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We receive at least 20 emails a week from folks asking us where they can find replacement parts for a tool. So we thought it might be worth a post to explain how we go about finding this information for our own personal needs. This might seem a bit simple to some of you, but the volume of mail we receive indicates that it’s a topic we should address. If you’re already very comfortable finding this information yourself, we’d love it if you’d add your own recommendations in comments for future readers who find the post and can benefit from your experience.valium online no prescription
Generally we’ll start with a Google search, something along the lines of ‘[insert manufacturer here] parts and service.” This usually at least gets us in the door in terms of finding where to look next. For example, Googling “DeWalt parts and service” returns the following:buy xanax online cod
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First, it’s important to note that Google will always return advertisements (i.e. links someone paid them to return) at the top of your search results. These are identified as “Ads related to [insert your search terms here],” and are enclosed in a slightly yellowish box, which I’ve labeled #1 above. Despite popular opinion, ads aren’t always necessarily bad, nor are the links you’ll find in Google’s yellow ad box necessarily dangerous to click on. Sometimes (gasp!) companies who spend money on advertising can actually help you. Still, it’s important to factor the reason Google returned the link into your decision-making process.
In this case, Google has returned a top (paid) link to eReplacementParts.com, which does in fact sell DeWalt replacement parts. Though we’ve never used them personally, they look like they might be able to help you if you’re out of warranty and need to buy parts from a third party.
Second, you’ll always find more ads down the right side of your search results. I’ve labeled them #2. These “side” ads are less expensive to buy, so you’ll often find some shady stuff over there. They’re not necessarily shady, but I’d be significantly less likely to head to one of them than I would one of the top ads or (more importantly) the actual search results.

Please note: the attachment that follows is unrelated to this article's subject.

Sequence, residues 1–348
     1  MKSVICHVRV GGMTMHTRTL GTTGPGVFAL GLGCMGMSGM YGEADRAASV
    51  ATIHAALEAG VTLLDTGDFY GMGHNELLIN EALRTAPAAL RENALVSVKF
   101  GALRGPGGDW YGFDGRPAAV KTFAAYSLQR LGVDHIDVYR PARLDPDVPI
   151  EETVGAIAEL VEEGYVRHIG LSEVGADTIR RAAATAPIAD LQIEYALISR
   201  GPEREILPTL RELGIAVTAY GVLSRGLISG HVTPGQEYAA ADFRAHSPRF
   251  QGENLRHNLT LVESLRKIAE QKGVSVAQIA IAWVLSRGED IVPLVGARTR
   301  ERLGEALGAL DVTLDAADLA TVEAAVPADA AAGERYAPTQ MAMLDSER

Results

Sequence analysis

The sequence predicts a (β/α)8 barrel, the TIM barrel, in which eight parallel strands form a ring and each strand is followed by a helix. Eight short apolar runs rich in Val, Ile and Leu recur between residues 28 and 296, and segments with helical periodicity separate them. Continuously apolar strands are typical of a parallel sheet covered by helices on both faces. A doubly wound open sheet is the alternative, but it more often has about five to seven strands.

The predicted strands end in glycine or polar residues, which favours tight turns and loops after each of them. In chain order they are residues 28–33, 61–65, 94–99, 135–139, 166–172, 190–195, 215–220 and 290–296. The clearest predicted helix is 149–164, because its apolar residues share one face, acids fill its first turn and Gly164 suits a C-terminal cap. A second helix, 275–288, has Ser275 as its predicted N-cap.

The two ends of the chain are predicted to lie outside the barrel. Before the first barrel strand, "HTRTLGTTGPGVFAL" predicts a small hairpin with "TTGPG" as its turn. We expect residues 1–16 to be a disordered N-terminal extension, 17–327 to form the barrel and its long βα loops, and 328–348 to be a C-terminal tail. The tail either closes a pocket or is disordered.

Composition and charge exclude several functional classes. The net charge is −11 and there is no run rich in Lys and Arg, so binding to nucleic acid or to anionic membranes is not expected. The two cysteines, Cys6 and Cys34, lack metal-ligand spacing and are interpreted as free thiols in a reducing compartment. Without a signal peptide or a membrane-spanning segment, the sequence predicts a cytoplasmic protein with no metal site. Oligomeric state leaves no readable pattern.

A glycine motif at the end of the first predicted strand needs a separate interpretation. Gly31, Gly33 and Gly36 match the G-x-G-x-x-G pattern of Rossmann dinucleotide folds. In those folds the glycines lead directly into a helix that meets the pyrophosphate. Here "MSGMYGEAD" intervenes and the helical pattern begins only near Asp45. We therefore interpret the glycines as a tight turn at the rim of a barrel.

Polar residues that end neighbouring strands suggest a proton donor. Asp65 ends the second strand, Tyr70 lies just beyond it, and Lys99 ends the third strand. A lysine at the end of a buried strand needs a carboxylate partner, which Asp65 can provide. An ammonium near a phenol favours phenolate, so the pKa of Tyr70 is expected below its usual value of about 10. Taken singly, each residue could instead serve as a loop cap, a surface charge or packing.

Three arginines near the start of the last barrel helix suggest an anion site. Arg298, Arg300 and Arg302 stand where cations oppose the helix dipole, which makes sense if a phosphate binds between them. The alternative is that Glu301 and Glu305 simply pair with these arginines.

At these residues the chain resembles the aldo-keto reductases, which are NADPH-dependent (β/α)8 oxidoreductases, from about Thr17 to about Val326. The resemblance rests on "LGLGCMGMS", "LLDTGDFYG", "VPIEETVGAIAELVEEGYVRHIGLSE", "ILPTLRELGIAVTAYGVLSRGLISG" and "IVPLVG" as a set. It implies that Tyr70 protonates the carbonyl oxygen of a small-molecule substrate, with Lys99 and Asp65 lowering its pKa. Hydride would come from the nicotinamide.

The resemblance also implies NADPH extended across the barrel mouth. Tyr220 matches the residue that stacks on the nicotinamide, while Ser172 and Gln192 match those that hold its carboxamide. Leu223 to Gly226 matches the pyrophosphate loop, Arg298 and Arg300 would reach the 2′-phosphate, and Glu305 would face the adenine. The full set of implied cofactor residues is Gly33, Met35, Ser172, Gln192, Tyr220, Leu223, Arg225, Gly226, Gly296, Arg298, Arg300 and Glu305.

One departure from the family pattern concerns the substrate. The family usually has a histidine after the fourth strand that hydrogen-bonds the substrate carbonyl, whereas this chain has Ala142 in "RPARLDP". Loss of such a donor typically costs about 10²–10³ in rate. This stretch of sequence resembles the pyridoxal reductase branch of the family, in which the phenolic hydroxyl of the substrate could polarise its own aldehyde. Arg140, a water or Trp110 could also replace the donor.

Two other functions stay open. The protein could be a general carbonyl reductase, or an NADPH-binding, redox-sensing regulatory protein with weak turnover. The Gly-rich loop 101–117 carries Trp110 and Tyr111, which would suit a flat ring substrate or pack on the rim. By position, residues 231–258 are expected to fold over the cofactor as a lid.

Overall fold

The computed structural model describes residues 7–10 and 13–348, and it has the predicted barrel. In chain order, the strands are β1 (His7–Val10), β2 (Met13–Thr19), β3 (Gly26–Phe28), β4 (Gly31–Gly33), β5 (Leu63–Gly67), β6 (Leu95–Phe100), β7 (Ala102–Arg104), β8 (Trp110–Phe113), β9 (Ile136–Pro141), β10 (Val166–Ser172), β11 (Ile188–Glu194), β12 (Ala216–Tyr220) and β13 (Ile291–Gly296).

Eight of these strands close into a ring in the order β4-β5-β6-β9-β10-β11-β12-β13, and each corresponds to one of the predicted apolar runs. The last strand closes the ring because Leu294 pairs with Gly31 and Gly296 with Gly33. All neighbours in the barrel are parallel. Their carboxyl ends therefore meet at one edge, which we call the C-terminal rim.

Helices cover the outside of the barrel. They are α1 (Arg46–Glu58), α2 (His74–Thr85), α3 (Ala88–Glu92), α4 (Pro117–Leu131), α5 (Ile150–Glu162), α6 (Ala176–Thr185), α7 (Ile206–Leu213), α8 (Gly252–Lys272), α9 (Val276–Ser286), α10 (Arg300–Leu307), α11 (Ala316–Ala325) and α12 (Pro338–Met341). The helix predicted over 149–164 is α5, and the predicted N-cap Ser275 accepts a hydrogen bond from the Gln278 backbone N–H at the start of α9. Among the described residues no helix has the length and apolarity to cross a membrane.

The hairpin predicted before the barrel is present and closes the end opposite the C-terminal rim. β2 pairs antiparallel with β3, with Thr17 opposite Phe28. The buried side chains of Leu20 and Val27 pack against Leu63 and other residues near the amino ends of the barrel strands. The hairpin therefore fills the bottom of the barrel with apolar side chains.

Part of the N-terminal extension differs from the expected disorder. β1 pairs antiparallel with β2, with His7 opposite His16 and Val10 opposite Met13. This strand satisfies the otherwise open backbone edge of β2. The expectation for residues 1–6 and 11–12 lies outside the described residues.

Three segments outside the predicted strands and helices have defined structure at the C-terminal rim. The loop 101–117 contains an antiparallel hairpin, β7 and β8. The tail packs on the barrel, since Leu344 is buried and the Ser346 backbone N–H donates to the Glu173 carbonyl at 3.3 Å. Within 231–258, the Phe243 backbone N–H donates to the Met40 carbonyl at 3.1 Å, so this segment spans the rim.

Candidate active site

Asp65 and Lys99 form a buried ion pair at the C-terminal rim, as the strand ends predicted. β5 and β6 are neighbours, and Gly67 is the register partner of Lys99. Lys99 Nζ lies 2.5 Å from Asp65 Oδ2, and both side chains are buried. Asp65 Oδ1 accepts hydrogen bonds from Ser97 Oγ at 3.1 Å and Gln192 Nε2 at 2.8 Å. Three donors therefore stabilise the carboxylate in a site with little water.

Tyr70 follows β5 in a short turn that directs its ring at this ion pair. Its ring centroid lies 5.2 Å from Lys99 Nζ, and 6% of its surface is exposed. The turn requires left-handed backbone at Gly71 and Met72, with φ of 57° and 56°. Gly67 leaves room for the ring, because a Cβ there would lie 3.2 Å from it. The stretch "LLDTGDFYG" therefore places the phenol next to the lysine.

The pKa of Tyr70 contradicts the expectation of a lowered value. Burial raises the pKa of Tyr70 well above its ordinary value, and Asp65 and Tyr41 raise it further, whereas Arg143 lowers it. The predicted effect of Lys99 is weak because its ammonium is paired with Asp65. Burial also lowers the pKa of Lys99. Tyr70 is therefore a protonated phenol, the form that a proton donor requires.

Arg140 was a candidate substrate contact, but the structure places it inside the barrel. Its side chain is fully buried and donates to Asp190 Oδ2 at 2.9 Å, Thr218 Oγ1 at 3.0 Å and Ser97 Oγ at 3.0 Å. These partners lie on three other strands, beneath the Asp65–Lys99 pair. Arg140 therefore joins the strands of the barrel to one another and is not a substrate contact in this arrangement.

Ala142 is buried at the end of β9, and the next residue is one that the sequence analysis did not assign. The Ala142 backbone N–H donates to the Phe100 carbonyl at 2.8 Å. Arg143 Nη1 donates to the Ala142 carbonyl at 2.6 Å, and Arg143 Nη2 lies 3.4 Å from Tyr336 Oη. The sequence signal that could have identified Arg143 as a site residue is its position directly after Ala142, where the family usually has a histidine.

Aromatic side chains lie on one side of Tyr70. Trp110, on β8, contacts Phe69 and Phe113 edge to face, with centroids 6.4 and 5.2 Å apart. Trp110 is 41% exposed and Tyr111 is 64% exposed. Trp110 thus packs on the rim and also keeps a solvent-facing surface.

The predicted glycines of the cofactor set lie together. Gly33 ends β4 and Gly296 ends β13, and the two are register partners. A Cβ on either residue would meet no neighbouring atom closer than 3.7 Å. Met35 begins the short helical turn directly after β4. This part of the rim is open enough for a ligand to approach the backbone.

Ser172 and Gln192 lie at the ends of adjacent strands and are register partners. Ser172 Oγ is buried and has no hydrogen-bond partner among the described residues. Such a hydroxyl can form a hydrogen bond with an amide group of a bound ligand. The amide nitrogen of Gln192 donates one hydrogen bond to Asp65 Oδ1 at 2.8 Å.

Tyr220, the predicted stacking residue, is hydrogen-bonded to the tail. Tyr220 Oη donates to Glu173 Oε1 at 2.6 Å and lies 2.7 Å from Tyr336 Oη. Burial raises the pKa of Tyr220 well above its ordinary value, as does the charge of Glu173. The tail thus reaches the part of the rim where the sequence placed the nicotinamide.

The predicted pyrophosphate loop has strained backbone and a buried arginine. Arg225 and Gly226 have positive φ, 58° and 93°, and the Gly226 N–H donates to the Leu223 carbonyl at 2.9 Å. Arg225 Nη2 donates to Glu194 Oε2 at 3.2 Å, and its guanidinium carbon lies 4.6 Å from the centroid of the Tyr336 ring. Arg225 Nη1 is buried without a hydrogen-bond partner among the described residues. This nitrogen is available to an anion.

Starting below the yellow box ads, you’ll find Google’s actual search results for the terms you provided. I’ve labeled the start of actual search results #3. If you want to start by talking to (or at least researching) the manufacturer itself, you’ll want to look in these search results for links on the manufacturer’s site, which you can identify by the URL. Just under the #3 arrow, you’ll see that the first link is from the “dewalt.com” domain, which is, in fact, DeWalt’s corporate website. This looks like a great place to start. Clicking this link takes us here:
While the specific sites for each manufacturer will vary, you can see that DeWalt in particular makes finding this information relatively easy. The red arrow I added points to a FAQ including how to find repair centers and other common questions. I won’t walk you through each additional step as they’ll be a little different for each search, but you should be able to take the ball and run with it from here.
About Warranty Information
The subject of warranties is way too large for this post, but a couple of quick thoughts: warranties vary significantly across the industry in terms of what is covered under the warranty, how long the warranty lasts, and especially how you go about obtaining warranty service. You can often find this information on the corporate website as well, but you may have to dig a bit, and you may also have to call the manufacturer’s toll-free number to ask for some help. If you purchased your tool very recently (as in less than a month ago), it might be worth a trip to the store where you bought it, as in almost all cases stores will help you with “defective” products. However, if the tool is more than a month or so old — or obviously heavily used and/or abused — you’ll want to do some research before trucking it back to the store. In general, you may be asked to return the item to the store, return or mail it to an authorized service center, or return/mail it directly to the manufacturer. The manufacturer may or may not cross-ship a replacement or replacement parts. Your mileage will definitely vary.
We hope this helps. Just remember most of all that doing a little research before you start contacting anyone and everyone related with tools will save you a lot of wasted time and effort in the process of getting your damaged/worn tools up and running again — which means less time dicking around with repair and more time in the shop doing something awesome.
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